Portraits of Wildflowers

Perspectives on Nature Photography

Spittlebug spittle on wireweed

with 31 comments

spittlebug-spittle-on-wireweed-9408

Date: September 7.

Place: Northeast Metropolitan Park in Pflugerville.

Wireweed: Symphyotrichum subulatum, a.k.a. hierba del marrano.

Written by Steve Schwartzman

November 11, 2016 at 5:35 AM

31 Responses

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  1. I am probably one of the few people who really likes spittle bugs. Nice photo.

    Maria Gianna Iannucci

    November 11, 2016 at 5:40 AM

  2. Plenty of your spittlebug’s cousins in my garden at the moment. Impressive spittle!

    Gallivanta

    November 11, 2016 at 6:20 AM

    • Ah, one big happy international family.

      The bubbles are minuscule, but together they do make an impression—at least for those of us inclined to be impressed by such things.

      Steve Schwartzman

      November 11, 2016 at 7:34 AM

      • Spittlebugs love my mint. I have yet to ingest spittle or spittlebug but I fear I may one day. That will be an interesting experience when it happens.

        Gallivanta

        November 11, 2016 at 8:17 AM

  3. We see a lot of these in Oklahoma too, though I cannot say I ever saw one when I lived in Nebraska.

    Littlesundog

    November 11, 2016 at 7:24 AM

  4. What an interesting picture! I’ve never before seen something like that!

    Pit

    November 11, 2016 at 9:43 AM

  5. I’m always delighted when I come across these in the field.

    melissabluefineart

    November 11, 2016 at 10:31 AM

    • Are they pretty common up your way?

      Steve Schwartzman

      November 11, 2016 at 11:54 AM

      • Oh yes, they love the prairie and river edges. I haven’t paid much attention to them; I imagine there are ones that are specific to certain hosts. Like dodder~ I was surprised to learn that a few summers ago.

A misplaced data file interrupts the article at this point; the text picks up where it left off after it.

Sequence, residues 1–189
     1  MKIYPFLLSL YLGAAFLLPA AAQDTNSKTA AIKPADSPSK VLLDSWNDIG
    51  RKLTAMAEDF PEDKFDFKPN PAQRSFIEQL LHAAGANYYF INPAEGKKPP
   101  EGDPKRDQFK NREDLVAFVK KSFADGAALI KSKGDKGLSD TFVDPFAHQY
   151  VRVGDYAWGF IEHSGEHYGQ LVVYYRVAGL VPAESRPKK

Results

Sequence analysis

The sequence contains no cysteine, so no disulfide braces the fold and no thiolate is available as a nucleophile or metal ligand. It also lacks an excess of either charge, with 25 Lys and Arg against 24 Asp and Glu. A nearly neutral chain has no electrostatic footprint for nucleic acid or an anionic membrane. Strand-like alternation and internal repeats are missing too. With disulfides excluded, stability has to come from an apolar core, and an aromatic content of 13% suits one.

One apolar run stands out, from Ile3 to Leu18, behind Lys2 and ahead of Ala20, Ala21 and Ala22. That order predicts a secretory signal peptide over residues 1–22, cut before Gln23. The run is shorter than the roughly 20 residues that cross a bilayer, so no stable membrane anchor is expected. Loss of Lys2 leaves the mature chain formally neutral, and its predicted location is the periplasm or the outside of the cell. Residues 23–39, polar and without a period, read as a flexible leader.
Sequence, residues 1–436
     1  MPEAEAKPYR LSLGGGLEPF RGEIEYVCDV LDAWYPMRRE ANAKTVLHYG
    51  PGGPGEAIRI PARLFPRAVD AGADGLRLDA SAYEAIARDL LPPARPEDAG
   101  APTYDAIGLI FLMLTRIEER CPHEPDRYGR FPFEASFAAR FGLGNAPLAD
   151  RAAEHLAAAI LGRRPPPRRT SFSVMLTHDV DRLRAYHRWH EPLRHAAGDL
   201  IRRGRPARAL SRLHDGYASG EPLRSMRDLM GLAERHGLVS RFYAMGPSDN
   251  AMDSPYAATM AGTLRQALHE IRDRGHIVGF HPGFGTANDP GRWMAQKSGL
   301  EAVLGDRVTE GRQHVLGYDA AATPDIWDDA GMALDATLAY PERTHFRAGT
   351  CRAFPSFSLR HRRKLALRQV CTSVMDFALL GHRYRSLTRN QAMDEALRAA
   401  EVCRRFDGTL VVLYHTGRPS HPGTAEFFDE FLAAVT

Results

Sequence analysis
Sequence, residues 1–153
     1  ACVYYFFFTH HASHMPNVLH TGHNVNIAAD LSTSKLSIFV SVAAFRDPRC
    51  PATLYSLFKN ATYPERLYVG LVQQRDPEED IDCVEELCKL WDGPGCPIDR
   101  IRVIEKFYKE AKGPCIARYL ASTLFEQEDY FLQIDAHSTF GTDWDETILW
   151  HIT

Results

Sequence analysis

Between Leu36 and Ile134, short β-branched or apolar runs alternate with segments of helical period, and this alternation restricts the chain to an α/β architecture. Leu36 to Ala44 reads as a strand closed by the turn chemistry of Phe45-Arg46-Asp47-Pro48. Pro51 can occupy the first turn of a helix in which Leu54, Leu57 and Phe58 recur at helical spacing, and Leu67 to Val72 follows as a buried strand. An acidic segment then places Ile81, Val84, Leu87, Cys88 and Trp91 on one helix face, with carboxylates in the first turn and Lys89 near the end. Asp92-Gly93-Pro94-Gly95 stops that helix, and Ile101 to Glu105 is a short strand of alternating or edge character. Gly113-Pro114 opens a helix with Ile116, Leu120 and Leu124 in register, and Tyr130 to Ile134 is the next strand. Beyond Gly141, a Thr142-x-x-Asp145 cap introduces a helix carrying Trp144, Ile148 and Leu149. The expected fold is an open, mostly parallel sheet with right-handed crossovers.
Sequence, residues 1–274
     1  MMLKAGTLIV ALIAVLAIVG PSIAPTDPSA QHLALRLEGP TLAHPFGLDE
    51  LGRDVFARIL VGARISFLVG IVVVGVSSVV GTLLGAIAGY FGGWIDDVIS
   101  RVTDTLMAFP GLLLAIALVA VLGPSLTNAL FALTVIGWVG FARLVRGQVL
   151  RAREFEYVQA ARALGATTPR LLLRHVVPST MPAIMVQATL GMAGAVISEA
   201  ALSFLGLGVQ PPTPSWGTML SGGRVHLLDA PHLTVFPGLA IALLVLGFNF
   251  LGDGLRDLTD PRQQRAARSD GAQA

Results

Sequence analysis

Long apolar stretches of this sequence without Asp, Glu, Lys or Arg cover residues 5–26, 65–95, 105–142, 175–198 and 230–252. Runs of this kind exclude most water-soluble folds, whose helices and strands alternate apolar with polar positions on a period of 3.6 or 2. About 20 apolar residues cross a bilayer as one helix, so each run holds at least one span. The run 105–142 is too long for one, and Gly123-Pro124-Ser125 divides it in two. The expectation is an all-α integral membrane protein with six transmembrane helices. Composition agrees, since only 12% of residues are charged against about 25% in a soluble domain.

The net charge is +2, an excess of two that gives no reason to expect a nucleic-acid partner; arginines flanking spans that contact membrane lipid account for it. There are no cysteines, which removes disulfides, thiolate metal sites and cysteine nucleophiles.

melissabluefineart

        November 12, 2016 at 10:30 AM

        • My understanding is that some species of dodder are specialists and others are generalists. I’m guessing, as you surmise, that at least some spittlebugs are specialists because I’ve seen instances in which spittle occurs on many plants of a given species but not on other nearby plants.

          Steve Schwartzman

          November 12, 2016 at 10:39 AM

  6. I once had a friend whose last name was Spittle, but I never bugged her about it.

    I also like finding these and once in a while am lucky enough to see a spittle-less bug which you have already seen. https://sggphoto.wordpress.com/2014/07/24/07-24-2014-brickyard-dew-drops/

    Steve Gingold

    November 11, 2016 at 5:21 PM

    • Good play on words in your first sentence.

      I remember your picture of the spittleless spittlebug. I’ve read that people sometimes mistake these critters for leafhoppers, which aren’t related.

      Steve Schwartzman

      November 11, 2016 at 6:40 PM

  7. The uniformity of the bubbles is striking. This reminded me at first of some of your other bubble photos, but this seems to have more texture: a characteristic that makes sense,, given that it isn’t water, but a substance produced by the bug. Actually, it reminds me of egg white on its way to becoming meringue. There’s a stage in the beating process where the white has taken in enough air to be bubbly, but it hasn’t yet begun to stiffen and peak. The similarity’s remarkable.

    shoreacres

    November 12, 2016 at 9:47 PM

    • You probably won’t be surprised to hear that physicists and mathematicians have studied bubbles. I’m happy enough just photographing them.

      Maybe you can design a dessert whose final stage is bubbly. Especially if frozen, that dessert would add texture to taste.

      Steve Schwartzman

      November 12, 2016 at 11:13 PM

  8. I was weeding the other day and sure enough there was spittle! Great shot Steve 😃

    Julie@frogpondfarm

    November 14, 2016 at 2:21 AM


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